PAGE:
The hinged lid had a carrying handle and a plate that read NIFE handlamp type NH5.  NIFE Batteries Limited, Hunt End Wks. Redditch Eng.

            The lid had a lockable clasp that fitted over a lug on the reflector housing


Hand lamp type NH07.

            Charging voltage 4.2 to 5.4 volts per battery.

Charging current 1.25 amps for 8 hours.

            Specific gravity 1.16 to 1.20.


Hand lamp type NH113.

            Charging current 4.2 to 5.4 volts per battery.

            Charging current 1.75 amps for 8 hours.

            Specific gravity 1.16 to 1.20.


Cap lamp type NC 113C.

            3 cell nickel iron type battery.

            Charging voltage 4.2 to 5.4 volts per battery.

Charging current 1.75 amps for 8 hours.

Specific gravity 1.16 to 1.20


Pearson ‘NIFE’ No 12 cap lamp.

            The battery was made by NIFE Batteries Ltd.

The alkaline battery had a capacity of about 12 ampere hours and was enclosed in a welded steel case. The bakelite headpiece carried a 2.5 volt 1 amp. bulb.  The weight of the complete lamp was 7 lb.


Pearson ‘NIFE’ No 20 hand lamp.

            The battery was made by NIFE Batteries Ltd and was a nickel cadmium alkaline battery designed on the standard two-part principle. The main body of the lamp was an accurately machined drop forging and was provided with a square thread for attachment to the bottom part, and a smaller thread to take the screwed ring holding the contact and bulb assembly in position.  The contact assembly consisted of a solid ebonite moulding carrying a spring loaded contact disc underneath and a die cast bulb-holder and an enamelled conical reflector above.  The positive plates of the battery consisted of nickel hydroxide enclosed in perforated, flattened steel tubes that were interlocked together in a steel frame. The negative plates were similarly constructed so far as the mechanical details go but were filled with the cadmium active material. These plates were grouped together to make two cell halves, adjacent plates being insulated from each other by ebonite rod separators. Each group of plates was encircled with a close fitting and appropriately shaped steel sleeve. Solid steel terminals were provided and the lamp was foolproof as regards hanging in the charging rack was concerned since the positive and negative terminals were of different diameters.  Gas release valves having a rubber sleeve release were fitted and also electrolyte level indicators, the latter being of the electric circuit pattern.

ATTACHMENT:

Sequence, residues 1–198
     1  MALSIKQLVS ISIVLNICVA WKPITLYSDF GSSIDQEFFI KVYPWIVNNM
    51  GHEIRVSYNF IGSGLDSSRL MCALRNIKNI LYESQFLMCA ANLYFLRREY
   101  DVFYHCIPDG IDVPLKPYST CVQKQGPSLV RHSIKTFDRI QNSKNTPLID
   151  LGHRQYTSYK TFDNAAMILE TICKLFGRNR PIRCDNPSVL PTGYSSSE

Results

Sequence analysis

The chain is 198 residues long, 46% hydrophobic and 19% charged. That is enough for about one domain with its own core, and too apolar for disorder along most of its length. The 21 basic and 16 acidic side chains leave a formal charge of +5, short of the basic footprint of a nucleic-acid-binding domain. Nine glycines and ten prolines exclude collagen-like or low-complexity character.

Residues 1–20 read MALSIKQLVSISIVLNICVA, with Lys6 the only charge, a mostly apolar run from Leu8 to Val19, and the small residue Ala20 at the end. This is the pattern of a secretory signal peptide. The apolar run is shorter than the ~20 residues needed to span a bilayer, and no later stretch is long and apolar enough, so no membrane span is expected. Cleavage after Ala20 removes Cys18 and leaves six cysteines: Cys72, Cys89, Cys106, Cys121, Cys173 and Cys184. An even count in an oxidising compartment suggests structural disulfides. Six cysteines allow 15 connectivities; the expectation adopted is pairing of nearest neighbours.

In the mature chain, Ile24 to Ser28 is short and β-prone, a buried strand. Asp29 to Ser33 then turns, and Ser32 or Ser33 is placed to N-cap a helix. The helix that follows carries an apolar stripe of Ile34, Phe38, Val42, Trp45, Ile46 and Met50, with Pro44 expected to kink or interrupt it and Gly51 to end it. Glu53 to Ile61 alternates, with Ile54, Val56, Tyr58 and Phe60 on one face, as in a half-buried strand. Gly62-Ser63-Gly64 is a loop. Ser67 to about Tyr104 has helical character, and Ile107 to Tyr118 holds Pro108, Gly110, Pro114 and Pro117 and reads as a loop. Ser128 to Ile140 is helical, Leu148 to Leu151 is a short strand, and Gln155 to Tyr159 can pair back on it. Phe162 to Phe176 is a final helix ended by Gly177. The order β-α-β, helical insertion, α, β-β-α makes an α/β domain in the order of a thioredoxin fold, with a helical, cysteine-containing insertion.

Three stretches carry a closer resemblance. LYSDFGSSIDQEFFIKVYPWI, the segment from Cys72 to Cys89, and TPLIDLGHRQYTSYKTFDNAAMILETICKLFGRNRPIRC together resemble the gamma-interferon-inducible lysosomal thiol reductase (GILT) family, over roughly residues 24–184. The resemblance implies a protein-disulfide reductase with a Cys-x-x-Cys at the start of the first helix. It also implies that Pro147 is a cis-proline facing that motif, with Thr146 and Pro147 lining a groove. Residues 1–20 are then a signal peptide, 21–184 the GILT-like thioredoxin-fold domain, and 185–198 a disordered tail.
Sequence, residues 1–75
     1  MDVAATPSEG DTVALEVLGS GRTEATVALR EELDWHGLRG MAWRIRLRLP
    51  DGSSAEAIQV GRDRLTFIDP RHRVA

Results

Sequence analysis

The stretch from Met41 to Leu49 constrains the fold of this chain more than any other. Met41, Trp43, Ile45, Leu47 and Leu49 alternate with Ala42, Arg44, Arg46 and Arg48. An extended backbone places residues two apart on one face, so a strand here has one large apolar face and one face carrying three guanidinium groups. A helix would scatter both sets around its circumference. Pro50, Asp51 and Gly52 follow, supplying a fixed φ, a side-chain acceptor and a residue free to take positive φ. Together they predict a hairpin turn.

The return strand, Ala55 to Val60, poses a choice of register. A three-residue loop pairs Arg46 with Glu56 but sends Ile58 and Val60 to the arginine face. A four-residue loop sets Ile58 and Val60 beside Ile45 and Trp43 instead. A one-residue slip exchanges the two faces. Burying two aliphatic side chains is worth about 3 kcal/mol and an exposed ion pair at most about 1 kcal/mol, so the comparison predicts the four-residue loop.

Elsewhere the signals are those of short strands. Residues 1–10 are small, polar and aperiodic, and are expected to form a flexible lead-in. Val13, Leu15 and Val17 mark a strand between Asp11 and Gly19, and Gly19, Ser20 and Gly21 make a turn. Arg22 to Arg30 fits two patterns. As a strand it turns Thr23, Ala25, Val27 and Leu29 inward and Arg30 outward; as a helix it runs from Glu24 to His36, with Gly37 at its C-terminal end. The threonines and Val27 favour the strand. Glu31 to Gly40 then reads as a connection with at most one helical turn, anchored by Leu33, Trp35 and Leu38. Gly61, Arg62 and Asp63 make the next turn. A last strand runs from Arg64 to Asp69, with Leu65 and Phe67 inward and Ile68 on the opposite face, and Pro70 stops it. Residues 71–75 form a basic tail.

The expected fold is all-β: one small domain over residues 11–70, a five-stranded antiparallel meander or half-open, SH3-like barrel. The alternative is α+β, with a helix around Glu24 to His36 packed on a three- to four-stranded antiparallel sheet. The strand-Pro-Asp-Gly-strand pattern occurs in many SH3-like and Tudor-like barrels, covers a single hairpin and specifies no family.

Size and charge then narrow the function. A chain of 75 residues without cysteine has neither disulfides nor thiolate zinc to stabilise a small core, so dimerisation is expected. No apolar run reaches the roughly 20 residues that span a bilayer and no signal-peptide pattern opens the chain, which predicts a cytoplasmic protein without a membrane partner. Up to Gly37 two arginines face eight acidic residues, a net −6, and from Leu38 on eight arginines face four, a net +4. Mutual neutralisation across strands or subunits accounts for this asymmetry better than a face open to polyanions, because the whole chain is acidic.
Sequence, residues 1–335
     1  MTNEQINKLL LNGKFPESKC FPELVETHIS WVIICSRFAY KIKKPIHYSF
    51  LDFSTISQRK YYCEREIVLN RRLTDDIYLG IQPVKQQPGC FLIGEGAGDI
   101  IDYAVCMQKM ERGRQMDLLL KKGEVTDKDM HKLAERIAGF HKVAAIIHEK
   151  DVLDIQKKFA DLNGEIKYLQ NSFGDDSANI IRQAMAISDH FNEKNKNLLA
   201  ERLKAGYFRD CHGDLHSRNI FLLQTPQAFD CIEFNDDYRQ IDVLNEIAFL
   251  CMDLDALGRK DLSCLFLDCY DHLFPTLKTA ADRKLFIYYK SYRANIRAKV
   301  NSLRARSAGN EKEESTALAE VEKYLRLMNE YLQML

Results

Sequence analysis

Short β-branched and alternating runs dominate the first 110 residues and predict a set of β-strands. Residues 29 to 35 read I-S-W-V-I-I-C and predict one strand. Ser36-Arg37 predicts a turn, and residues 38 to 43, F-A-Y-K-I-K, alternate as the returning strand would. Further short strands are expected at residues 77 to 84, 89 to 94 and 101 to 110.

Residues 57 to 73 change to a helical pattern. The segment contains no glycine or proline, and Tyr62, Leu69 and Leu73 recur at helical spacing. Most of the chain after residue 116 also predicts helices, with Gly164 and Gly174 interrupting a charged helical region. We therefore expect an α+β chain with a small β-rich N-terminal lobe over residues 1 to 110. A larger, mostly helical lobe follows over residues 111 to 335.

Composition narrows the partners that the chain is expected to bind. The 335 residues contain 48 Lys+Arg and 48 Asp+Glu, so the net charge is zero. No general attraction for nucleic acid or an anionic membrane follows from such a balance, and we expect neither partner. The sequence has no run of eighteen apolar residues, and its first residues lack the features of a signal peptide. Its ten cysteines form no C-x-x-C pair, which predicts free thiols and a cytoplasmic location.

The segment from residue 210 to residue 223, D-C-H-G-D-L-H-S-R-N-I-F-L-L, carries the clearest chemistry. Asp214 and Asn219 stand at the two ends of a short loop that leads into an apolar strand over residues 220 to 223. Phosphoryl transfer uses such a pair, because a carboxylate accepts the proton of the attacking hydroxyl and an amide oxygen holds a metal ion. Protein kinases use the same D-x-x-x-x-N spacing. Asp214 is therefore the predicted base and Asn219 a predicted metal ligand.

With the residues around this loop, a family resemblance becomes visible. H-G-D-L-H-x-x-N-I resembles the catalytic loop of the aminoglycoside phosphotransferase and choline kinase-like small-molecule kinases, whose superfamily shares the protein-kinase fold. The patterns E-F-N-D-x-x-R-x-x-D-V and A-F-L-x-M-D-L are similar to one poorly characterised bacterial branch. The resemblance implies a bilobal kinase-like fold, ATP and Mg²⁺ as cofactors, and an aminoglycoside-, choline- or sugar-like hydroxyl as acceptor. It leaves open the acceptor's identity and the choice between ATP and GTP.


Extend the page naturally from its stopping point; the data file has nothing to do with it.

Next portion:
Sources of information.


1.   The Chloride Electrical Storage Company Limited – History and Development, part of a report which can be accessed at;


2.   History of Alcad at


3.   Mining memorabilia website at


4.   Durham Mining Museum website at


5.   Croydon Caving Club website for care and maintenance of NIFE lamps at;


6. The New Schedule A Lamps - an article in Colliery Engineering for December 1934, a copy of which can be seen on Durham Mining Museum website at to whom I express my sincere appreciation for being able to access the article and also the article referred to at (4).

Submitted By : Alan Vickers.
Date: December 2004